Autumn Poetry Competition 2021 – School Year’s 11-13 Winner


Autumn Festival Poetry Competition

School Year’s 11-13 Category


Ah, White Butterfly

Written by Matthew Navas


Ah, White Butterfly

How swiftly flown you flew.

Gliding on winds to an unfulfilling destination

Known by so many, yet so few.


Loud symphonic cacophonies towards the end,

Reminiscent of when we would listen and absorb

Frank Sinatra’s “Fly Me To The Moon”.

I hope you’ve made it there.


Ah, White Butterfly

I wish your cocoon would have remained shut.

Mine is scattered and layered with unanswered questions,

Formal goodbyes never given.


Tears on your unboundedly loving wings,

My own began to appear. White like yours.

But, polluted with petulant, pugnacious bleakness,

You painted my wings.


You pollinated my mind with irreplaceable experiences

Of incalculable colour.


To fly is to live, to know

To love, to be, to live

To live

To live

To wish, to dream, to wonder what if and why.


I am tempestuous.

I need to understand.


Please, do not fly.


Soar up, above the clouds and firmament

Above the sadness and overwhelming conflict

Soar into the stratosphere

Your great white wings propelling you

Up and up, do not stop.

Please, just ascend.

Fly to the moon

Fly even further

Until we can fly together again, Grandpa.


Judge Charlie Durante’s comments:


“This is an engagingly moving and hopeful poem. We have to deduce who the white butterfly stands for. This is a beautiful signifier but we have to guess, to a certain extent, what the signified is. Traditionally, the butterfly has symbolised the soul: its fragile wings, erratic flight and array of colours are eminently suitable to represent the immortal soul. Dante mentions the ‘divina farfalla,’ the divine butterfly to embody the transformed soul. Because the poem seems to be addressed to the speaker’s dead grandfather, the butterfly could be a way of visualising what is intangible and elusive. The grandchild is indebted to the dead progenitor: ‘You pollinated my mind;’ ‘you painted my wings,’ thus maintaining the butterfly association in its images and lexicon. The crooner’s famous song gives the poem a warm, familiar reference and, at the same time, emphasising the flying motif, present throughout the poem, which propels the butterfly to soar to the very heights (the stratosphere). The driving force behind this piece is to be reunited with the deceased grandparent, ‘Until we can fly together again, Grandpa.’ This is a poignant and beautifully crafted poem.”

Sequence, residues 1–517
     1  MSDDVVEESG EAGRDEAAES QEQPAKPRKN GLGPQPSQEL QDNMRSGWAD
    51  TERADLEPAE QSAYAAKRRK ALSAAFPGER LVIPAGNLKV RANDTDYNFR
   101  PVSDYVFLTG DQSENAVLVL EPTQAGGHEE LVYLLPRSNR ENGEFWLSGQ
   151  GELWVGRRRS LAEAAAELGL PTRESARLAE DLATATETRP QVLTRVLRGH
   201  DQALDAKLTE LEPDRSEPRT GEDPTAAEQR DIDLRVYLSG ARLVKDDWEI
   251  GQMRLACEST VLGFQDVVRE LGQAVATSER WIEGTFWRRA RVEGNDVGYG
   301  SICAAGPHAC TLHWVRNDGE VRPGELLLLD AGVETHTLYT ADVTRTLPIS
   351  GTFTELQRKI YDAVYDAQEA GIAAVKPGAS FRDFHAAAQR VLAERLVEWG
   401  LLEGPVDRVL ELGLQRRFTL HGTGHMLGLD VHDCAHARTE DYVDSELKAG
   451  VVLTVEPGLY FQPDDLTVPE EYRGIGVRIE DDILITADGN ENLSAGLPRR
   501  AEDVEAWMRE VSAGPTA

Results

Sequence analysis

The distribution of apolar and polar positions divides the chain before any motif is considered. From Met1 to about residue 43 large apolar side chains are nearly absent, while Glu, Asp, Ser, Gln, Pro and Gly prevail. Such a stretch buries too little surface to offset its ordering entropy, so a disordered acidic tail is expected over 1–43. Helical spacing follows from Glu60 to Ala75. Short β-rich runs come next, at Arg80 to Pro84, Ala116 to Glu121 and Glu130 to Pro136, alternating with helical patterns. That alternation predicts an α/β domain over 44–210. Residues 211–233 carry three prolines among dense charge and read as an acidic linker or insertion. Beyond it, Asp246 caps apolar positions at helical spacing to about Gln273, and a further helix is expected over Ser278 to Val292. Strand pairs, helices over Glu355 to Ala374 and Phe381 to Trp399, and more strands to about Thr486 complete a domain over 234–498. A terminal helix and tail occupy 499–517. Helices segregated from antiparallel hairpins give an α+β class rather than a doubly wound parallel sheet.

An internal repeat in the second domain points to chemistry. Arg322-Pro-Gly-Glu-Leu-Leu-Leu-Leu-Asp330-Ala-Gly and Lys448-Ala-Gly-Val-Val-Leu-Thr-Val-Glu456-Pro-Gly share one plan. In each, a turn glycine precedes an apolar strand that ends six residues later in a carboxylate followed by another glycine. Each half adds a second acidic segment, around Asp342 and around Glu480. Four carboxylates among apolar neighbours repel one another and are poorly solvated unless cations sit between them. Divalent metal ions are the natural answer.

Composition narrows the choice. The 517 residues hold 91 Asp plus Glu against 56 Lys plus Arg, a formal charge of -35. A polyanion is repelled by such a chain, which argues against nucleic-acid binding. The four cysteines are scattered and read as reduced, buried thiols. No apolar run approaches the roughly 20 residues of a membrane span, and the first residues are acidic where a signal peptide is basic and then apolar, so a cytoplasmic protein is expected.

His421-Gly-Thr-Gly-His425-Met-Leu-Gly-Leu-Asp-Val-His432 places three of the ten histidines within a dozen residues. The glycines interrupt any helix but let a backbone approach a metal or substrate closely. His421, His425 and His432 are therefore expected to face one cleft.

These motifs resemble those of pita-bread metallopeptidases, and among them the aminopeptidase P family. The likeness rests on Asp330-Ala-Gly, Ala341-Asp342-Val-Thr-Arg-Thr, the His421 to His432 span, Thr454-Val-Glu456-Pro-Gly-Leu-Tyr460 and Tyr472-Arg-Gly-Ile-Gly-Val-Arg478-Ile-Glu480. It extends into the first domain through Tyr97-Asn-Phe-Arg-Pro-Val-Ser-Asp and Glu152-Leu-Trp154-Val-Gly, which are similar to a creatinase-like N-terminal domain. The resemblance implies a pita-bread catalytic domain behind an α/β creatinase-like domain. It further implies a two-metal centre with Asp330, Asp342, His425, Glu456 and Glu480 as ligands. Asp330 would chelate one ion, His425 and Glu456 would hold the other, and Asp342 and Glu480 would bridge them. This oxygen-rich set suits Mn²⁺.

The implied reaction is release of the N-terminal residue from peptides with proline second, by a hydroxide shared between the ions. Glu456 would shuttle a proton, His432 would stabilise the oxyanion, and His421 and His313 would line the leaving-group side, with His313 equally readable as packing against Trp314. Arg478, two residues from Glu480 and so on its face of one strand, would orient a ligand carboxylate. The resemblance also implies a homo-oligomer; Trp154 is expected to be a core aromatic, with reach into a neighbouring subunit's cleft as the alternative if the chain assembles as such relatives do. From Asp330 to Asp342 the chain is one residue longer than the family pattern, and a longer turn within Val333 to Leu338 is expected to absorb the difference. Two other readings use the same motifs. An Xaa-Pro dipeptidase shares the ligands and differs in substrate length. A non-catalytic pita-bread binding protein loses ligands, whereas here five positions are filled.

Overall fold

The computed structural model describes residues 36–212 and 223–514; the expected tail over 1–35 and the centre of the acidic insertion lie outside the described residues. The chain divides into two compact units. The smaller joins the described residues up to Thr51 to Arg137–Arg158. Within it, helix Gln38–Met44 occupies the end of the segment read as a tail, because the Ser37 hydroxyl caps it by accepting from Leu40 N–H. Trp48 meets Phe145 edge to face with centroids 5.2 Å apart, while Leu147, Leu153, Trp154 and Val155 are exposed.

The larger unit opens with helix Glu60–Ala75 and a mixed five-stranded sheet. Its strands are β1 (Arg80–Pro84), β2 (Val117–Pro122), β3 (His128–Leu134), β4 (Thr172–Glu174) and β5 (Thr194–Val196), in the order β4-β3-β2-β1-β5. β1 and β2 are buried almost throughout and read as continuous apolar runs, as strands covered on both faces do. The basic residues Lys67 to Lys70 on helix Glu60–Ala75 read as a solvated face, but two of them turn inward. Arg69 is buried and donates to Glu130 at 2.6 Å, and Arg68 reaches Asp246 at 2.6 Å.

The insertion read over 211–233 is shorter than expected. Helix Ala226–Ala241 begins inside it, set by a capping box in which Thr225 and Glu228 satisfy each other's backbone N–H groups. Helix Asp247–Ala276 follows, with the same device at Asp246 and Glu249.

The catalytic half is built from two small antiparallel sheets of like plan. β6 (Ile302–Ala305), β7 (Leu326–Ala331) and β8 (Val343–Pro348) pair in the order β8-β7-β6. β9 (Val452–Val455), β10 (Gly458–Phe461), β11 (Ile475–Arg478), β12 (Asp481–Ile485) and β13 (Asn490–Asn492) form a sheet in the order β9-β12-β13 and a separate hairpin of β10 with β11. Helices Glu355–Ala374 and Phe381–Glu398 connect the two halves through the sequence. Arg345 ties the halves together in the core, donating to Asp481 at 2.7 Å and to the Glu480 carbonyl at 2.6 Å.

Runner up

Stay Behind Cave

Written by Hannah Koessler


Hug your family tight,

as tightly as the room will enclose you;

you might never make it out.

The pride that you felt when being selected,

the pride that made your heart pound proudly,

the pride that made your fingers tingle with anticipation, has long faded out.

Six of you will go in,

But how many of you will come out?

They say the supplies will last a year,

they say the war will be over then.

You can only nod, you can only agree with them.

It is not your place to speak, to question,

even as a little voice in your head asks,

What if it’s not over?

What if the supplies run out?

What if I suffocate?

Walls closing in tightly around me;

will I ever be found?

The “Stay Behind Cave”, they call it,

It is an honour they say,

and honoured you are.

But the fear slowly creeps in,

as you hold your family in that final embrace.


Judge Charlie Durante’s comments:


“Post-apocalyptic scenarios are becoming more and more plausible as climate change, a renewal of the arms race and the antagonism of the super powers ratchet up and bring us ever nearer to an all-consuming Armageddon.  Stay Behind Cave can envisage such a world, in the throes of armed conflict where some have been selected to survive. The poem concentrates on the understandable worries that plague those who find themselves in the ‘stay behind cave.’ They are temporarily safe, but ‘walls (are) closing in tightly,’ a feeling of asphyxia, of claustrophobia is taking its toll. There is no guarantee of emerging unscathed from the cave experience. They can only find consolation in the final embrace of their family.

This piece conveys a simple but pointed warning, the uncertainty and threat we all live under. It is a modern version of the sword of Damocles!”